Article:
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In Britain itself, tourism — not just tradition — is a significant factor in debates about the future of the monarchy. The arguments in Canada are not nearly as strong for maintaining the institution for into the 21st century.
The Queen herself has been a stalwart public servant and a net contributor to social cohesion even in Canada, where Quebec has always — understandably — balked at the Britishness of the monarchy. Elizabeth can likely be personally credited with extending the life of Canada’s connection to the Royal Family by decades.
But we should say goodbye now, parting as friends.
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This process should, ideally, begin before Prince Charles becomes king. His coming ascent to the throne, though not a particularly exciting prospect given the Queen’s tremendous popularity, is a minor motivation for Canada cutting ties to the House of Windsor.
If the transition is at least in train before Charles becomes this country’s head of state, we could perhaps count on his magnanimous presence — as Barbados recently did — when the moment comes for Canada to celebrate its full maturing as a nation.
And this is about maturity. In the 19th century, it made sense for a young country to grow under the wing of Britain and the much-revered Queen Victoria. Perhaps it even made sense through the 20th century.
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But just as the time eventually came for the patriation of Canada’s constitution in 1982, the time has come to take the final, definitive step to end the formal connection between Canada and the British Crown.
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How should this change unfold?
The Canadian government should initiate a formal national conversation about ending this country’s constitutional relationship with the Royal Family. It could strike a House of Commons sub-committee on the issue. It could convene a blue-ribbon panel of experts or announce a special task force or commission. It could invite first ministers and Indigenous leaders from across the country to at least kick-start high-level discussions and approve a plan for study, consultation and possible reform.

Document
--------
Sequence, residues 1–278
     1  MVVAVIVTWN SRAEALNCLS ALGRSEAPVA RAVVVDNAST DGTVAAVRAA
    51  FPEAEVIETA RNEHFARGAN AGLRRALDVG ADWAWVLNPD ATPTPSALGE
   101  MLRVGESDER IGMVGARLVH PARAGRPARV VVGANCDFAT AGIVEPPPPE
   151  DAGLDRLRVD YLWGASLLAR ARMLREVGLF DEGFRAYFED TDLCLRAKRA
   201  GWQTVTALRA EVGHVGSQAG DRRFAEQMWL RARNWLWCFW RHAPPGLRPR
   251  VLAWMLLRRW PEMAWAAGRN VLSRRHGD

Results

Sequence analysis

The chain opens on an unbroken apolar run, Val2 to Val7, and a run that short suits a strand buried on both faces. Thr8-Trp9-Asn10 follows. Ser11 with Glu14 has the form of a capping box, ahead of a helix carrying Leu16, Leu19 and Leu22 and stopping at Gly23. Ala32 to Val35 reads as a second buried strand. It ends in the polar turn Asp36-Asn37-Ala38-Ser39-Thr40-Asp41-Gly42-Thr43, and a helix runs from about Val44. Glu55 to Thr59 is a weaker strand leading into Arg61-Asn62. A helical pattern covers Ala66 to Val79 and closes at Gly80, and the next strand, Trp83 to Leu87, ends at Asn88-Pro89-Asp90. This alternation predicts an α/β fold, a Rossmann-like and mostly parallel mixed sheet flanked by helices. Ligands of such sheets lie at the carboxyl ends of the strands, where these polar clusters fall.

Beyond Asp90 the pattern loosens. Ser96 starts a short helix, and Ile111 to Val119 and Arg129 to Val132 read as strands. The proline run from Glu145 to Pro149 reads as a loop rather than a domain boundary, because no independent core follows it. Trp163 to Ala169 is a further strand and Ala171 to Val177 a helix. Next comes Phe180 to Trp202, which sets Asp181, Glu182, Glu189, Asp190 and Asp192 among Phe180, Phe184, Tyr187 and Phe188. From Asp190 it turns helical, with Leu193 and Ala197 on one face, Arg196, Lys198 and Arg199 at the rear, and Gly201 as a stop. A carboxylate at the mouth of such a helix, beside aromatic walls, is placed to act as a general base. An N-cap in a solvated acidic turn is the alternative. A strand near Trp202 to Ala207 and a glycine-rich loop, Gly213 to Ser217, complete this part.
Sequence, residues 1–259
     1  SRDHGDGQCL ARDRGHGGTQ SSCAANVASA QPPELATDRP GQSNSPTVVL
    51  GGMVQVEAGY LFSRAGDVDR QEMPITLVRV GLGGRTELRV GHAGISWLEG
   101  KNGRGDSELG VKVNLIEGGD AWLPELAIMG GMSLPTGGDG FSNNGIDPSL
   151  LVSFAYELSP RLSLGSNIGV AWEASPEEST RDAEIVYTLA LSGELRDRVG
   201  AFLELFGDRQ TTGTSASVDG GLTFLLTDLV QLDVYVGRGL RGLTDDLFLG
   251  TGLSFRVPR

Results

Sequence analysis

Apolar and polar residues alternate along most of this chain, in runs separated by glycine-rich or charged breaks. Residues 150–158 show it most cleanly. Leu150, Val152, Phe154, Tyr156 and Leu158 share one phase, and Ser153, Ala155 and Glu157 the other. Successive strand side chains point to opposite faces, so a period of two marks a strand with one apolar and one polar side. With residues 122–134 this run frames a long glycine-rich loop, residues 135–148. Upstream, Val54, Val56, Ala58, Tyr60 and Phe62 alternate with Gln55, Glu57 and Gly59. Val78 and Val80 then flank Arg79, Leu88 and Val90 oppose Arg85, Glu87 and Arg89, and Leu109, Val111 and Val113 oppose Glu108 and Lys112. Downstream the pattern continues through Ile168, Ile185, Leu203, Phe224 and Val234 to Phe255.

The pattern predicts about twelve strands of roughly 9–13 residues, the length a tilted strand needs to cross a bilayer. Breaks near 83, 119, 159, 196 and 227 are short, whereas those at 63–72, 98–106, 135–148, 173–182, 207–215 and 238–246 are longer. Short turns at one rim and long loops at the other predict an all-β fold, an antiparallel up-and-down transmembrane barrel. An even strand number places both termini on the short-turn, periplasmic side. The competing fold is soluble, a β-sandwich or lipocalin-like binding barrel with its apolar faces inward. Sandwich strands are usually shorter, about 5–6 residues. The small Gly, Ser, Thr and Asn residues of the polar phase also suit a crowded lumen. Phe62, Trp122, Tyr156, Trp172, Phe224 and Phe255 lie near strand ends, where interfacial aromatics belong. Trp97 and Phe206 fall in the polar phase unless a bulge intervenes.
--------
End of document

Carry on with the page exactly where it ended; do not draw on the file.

The exact mechanism doesn’t really matter. And monarchists wedded to our existing, dusty constitutional arrangement, republicans envious of the American presidential system and everyone in between should be invited to advance their case for the ideal shape of Canada’s governing structure.
That’s only fair. And experts highlighting the complexities of finally unbuckling ourselves from British royalty — including the implications for Indigenous nations, who have a special relationship with the Crown going back centuries — should be heard.
But the best path forward for the country would be a system virtually identical to the present one — minus the monarch. Snipping the now-tenuous link that remains between Canada and the regal figure residing in Buckingham Palace would only mean that the present vice-regal representative at Rideau Hall would become the country’s sole constitutional figurehead.
We’re more than ready for that.
Randy Boswell is a Carleton University journalism professor and former national writer with Postmedia News. He has previously argued in favour of maintaining the monarchy in Canada.